In Kensington, the Portobello Road runs almost the entire length of the borough. Before it got its more famous name, it was known as Green’s Lane in the 18th Century. It was renamed after Portobello Farm in the Victoria era, and after residential developments were established in Paddington and Notting Hill, the farmland gave way to the expanding city. So what interesting facts can we find down this long and not-so-winding road?
Most Famous Door in Notting Hill
The blue door that belong to Hugh Grant’s house in Notting Hill can be found at 280 Wilbourne Rd. just off Portobello Road. It made its way into the film because screenwriter Richard Curtis used to live there. The original blue door was sold at auction and later owners painted the new door black as people kept writing on it. The current owners, perhaps loving the fame of their abode, repainted it to blue.
The Portobello Market is a large draw to the area. On Saturdays, market stalls set up most to sell antiques as well as produce. When it began in the 19th Century, it was dedicated almost entirely to fruits and vegetables. It starts at Golborne Road and goes for 940 metres to Westbourne Grove. In 1927, the market was extended from Monday to Saturday, despite the protest of the shops.
There’ll Be Fighting in the Streets
From Victorian times until the late 20th Century, Notting Hill was a predominantly working-class area. The 1950s saw it as a haven for slumlords and horrible flats. The late 1950s saw the neighborhood besot by race riots from the likes of the British Union, but as the 1960s dawned, it became a home for antique shops that started the process of gentrification. Today, the neighborhood is mostly known for its poshness.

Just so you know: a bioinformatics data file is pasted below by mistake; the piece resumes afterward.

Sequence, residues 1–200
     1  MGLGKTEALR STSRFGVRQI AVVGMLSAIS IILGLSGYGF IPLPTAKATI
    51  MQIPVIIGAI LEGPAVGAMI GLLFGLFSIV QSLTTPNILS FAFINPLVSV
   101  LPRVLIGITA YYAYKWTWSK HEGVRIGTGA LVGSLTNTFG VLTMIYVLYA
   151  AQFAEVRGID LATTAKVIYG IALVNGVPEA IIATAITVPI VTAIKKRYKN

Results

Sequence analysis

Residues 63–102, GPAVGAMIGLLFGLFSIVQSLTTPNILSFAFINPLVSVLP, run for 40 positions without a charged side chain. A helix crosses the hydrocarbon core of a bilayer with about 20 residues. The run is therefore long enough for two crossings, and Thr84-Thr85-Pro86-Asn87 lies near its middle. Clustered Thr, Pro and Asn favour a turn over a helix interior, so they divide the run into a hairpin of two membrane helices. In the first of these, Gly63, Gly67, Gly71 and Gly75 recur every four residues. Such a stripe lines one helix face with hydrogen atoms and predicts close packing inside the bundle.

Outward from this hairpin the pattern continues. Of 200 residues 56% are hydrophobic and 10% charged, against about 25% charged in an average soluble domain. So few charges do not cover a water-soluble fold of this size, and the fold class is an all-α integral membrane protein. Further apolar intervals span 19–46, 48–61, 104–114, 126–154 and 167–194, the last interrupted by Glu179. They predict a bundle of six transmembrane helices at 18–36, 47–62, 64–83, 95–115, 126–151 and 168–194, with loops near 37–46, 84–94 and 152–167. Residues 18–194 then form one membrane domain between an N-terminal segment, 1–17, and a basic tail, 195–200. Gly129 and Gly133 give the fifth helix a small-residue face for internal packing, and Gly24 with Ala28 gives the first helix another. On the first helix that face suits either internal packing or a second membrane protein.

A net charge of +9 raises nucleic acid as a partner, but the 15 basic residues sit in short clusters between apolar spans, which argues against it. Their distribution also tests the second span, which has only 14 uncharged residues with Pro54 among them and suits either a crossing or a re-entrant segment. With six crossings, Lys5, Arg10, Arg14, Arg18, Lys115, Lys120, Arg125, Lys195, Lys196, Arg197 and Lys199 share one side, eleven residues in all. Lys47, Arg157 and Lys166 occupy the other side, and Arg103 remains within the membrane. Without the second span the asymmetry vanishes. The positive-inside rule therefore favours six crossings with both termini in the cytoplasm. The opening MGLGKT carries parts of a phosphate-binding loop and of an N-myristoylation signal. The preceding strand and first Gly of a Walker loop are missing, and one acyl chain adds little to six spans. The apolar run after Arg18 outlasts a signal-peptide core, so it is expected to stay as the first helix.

Gold at the End
Portobello Gold may refer to treasure—or it could just refer to the beer served in this quaint pub. If you’re at the market on Saturday, you may have to search hard for it behind the market stalls, but the address is at number 95/97. The interior is a mix of traditional pub below, and jungle oasis up top.
One of the road’s literary ties comes from author Michael Bond’s Paddington Bear, who loved to visit it every day. Owing to the area’s number of antique shops, Paddington’s friend Mr. Gruber owned one of them and the fictional bear would visit him for Elevenses.
A Holy Place
St. Peter’s Church was designed by Thomas Allom in 1855 and matches much of the surrounding buildings that were also designed by Allom. It was consecrated in 1857 and could hold 1,400 people. It is also Grade II listed.
The original name comes from a victory in the War of Jenkins’ Ear, a more minor confrontation between Britain and Spain that went from 1739 to 1748, with most of the hostilities ceasing around 1742. Admiral Edward Vernon captured the town of Puerto Bello in modern-day Panama (now known as Portobelo). Vernon Road still bears the admiral’s name and the farm was named after the location of his victory, which led to the name of the road.
In addition to Notting Hill and Paddington Bear, the road has certainly left its mark on media. It has been featured in: Paulo Coelho’s novel The Witch of Portobello, the television programme Minder, the documentary Portobello: Attack of the Clones, and the Only Fools and Horses episode “Cash and Curry”, amongst other works.
The nearby Grand Union Canal is certainly a picturesque place for a visit. It was opened at Paddington Basin in 1801 and 20,000 people attended the event.
Another Film Location
Once you’re done with Hugh Grant’s house from Notting Hill, you can visit The Travel Book Co., also a real place located at 13 Blenheim Crescent. Unfortunately, the original book shop has closed and since been replaced with The Notting Hill Bookshop. Pretty sure the current owners don’t care for shoplifters either.